Quinn & Associates, P.A.

Call For A Free Consultation

(941) 706-0632

Quinn & Associates, P.A.

We need estate plans so that we can control who’s going to be in charge of our assets when we pass away, how our children and loved ones will be cared for when we pass away, and so we understand how and when our assets are going to be distributed after our deaths. This is important for a number of reasons. We want to make sure that people are taken care of. We want to make sure our estates are maximized so that the most amount of money is kept in the estate for our heirs. We also want to make sure that we take care to account for any disabled children so that they can continue to receive any benefits that they might be getting from the government to assist them.

In order to complete a good estate plan, we’ll have an all-encompassing look at these things. It’s not simply one document done at one time. We’re looking at it over a long period of time, trying to account for all the possible scenarios that could pop up in the future. If you die without an estate plan, known as dying intestate, the probate system takes over. If you have a will, you would still go into probate. What would happen is you go into probate, if you have a will, and your estate is handled by the personal representative. However, the judge is still in charge of your estate, so you have a third party controlling how your estate is ultimately distributed.

I Already Have A Power Of Attorney. Do I Really Need An Estate Plan?

A power of attorney is a valid document and it’s very important to have, but it does not take the place of an estate plan. It’s important to realize that upon your passing, your power of attorney becomes null and void and no longer has any effect for the people to whom you granted those powers. A power of attorney acts to provide you with an agent, who can assist you during your lifetime. A will only take effect after your passing. The power of attorney is only a small part of your estate plan, which should include, depending on the route you want to go, a trust, a will, a power of attorney (both financial and medical), and various documents dealing with how you want things resolved after your death.

I Don’t Really Have Much For My Children To Inherit. Do I Still Need To Plan For My Death?

Many times, smaller estates can benefit greatly from having an estate plan. The reason for this is probate can be costly. There are filing fees, probate taxes, and there can be disputes that arise between beneficiaries, which can very quickly dissipate a small estate. A properly drafted estate plan can provide a small estate the opportunity to maximize distribution to the beneficiaries, all the while keeping harmony within the family and making sure that assets pass as the decedent wished. While it is true that you would have to pay some money upfront to create your estate plan, the reality is it will probably save your estate in the long run.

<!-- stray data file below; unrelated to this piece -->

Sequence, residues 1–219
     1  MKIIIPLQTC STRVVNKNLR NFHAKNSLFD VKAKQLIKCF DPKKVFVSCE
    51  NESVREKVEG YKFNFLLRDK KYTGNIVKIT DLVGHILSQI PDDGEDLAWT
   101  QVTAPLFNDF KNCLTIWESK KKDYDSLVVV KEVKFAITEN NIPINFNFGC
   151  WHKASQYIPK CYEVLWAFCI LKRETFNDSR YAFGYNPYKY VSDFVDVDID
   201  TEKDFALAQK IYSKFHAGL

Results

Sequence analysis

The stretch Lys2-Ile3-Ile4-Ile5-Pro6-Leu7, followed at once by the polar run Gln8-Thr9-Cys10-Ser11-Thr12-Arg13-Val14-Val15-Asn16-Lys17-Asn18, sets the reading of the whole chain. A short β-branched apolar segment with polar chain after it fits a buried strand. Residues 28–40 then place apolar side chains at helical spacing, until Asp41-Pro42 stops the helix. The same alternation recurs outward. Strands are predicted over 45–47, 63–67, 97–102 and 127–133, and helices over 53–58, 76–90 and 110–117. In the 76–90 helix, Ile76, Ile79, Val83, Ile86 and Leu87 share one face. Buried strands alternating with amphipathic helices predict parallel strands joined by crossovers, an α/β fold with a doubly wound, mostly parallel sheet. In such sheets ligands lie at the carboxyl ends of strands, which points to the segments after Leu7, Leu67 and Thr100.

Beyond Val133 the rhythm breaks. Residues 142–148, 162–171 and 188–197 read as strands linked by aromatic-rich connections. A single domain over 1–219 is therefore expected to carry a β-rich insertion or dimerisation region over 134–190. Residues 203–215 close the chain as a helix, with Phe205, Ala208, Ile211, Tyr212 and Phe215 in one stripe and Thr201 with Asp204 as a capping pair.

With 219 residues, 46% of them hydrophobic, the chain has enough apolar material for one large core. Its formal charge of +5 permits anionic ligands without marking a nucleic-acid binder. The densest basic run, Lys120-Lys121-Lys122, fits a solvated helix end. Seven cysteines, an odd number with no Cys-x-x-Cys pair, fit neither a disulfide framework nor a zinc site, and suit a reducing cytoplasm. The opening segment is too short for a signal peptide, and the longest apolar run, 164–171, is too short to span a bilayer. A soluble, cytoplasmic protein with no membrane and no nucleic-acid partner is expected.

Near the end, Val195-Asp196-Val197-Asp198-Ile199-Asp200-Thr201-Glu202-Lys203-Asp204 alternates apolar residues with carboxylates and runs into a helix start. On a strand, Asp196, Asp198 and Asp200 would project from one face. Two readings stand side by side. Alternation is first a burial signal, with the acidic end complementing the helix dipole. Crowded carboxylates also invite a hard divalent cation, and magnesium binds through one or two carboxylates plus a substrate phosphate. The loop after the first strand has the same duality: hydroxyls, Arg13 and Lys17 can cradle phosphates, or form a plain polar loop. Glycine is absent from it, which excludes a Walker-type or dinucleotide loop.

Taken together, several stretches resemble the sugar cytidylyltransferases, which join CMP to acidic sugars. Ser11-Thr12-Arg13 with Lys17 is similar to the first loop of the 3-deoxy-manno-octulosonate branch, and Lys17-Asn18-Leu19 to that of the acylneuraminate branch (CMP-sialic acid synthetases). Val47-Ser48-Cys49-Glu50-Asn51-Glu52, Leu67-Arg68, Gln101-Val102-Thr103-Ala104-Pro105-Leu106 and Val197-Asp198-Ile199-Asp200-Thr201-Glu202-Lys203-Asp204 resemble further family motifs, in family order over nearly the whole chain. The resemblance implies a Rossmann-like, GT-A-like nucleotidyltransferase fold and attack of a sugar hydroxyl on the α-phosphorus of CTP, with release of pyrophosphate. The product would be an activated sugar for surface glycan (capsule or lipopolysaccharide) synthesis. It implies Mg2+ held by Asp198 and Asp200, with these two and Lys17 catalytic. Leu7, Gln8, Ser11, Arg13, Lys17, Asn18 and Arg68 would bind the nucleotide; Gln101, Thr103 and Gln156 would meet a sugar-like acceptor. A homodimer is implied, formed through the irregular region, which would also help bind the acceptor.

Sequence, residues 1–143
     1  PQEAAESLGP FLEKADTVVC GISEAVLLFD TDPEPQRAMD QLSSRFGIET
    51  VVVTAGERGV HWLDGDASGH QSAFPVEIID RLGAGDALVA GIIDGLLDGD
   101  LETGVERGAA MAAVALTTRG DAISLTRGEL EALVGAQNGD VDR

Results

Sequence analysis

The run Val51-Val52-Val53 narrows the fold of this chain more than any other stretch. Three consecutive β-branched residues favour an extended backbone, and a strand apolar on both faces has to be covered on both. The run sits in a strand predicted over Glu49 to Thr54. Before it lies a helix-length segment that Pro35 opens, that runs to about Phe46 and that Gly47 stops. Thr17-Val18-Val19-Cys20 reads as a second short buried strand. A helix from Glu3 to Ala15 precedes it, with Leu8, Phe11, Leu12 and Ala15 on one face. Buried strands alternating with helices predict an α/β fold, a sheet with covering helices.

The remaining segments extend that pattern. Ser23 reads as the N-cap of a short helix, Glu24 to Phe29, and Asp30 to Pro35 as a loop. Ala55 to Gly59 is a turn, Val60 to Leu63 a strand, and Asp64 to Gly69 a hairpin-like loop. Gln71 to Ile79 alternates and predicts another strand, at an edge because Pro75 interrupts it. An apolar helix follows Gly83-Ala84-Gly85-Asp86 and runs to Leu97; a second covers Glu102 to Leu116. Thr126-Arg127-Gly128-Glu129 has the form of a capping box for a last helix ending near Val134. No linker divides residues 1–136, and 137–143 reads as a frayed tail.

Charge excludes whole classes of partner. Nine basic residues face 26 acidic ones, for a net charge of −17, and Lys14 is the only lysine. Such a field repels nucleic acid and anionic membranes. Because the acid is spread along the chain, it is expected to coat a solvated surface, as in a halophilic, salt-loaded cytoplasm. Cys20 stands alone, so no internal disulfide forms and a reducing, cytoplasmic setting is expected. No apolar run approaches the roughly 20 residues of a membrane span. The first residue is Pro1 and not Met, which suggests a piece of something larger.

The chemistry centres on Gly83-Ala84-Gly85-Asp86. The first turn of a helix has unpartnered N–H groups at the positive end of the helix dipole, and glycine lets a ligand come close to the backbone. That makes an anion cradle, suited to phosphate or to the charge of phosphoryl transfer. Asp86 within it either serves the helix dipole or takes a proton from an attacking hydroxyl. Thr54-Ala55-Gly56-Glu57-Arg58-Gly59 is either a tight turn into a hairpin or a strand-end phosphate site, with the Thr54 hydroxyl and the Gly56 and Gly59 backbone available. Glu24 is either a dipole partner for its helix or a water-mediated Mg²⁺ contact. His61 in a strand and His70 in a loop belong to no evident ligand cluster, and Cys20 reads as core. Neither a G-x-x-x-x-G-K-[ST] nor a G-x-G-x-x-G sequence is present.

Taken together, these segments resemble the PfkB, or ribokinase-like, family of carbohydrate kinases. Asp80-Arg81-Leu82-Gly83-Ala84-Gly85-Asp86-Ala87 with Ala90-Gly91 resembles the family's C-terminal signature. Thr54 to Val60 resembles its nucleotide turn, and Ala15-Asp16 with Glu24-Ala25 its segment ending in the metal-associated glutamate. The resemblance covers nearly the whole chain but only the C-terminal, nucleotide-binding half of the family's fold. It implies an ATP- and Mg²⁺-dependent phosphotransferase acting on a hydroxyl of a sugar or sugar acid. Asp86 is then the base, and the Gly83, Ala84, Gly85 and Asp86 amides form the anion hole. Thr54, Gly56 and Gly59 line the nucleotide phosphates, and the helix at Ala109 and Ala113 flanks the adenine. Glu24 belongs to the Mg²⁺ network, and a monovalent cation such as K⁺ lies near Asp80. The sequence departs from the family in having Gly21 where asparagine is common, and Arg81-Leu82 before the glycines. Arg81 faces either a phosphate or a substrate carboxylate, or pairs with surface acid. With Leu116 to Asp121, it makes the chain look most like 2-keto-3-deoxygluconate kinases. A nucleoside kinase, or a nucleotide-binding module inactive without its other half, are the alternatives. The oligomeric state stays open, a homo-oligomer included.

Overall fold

How Often And Why Should People Give Their Estate Plan A Checkup?

If you’ve had a major life event, consider giving your estate plan a checkup. This could include a spousal illness, a diagnosis of dementia, having grandkids, or having a child who’s become disabled. Those are all very large events that can greatly impact what’s going to happen with your estate after you pass away. One of these cases, for example, would be a beneficiary who you intended to leave money to ending up with an addiction of some kind. You want to make sure that they aren’t able to squander the money first and second, you want to make sure that they aren’t able to do anything injurious to themselves or others.

I think it is a good idea every couple of years to look over your beneficiaries and fiduciaries and determine if they’re still the people you want. Another scenario that occurs is that when an estate plan is done, there are minor children. As those children age, we want to change the plan and have them serve as the successor trustees or personal representatives. A good rule of thumb is to take a look at your estate plan every couple of years or any time there’s been a big life event.

For more information on Need For Estate Planning In Florida, a free initial consultation is your next best step. Get the information and legal answers you are seeking by calling (941) 706-0632 today.

Jerome Quinn, Esq.

Call For A Free Consultation
(941) 706-0632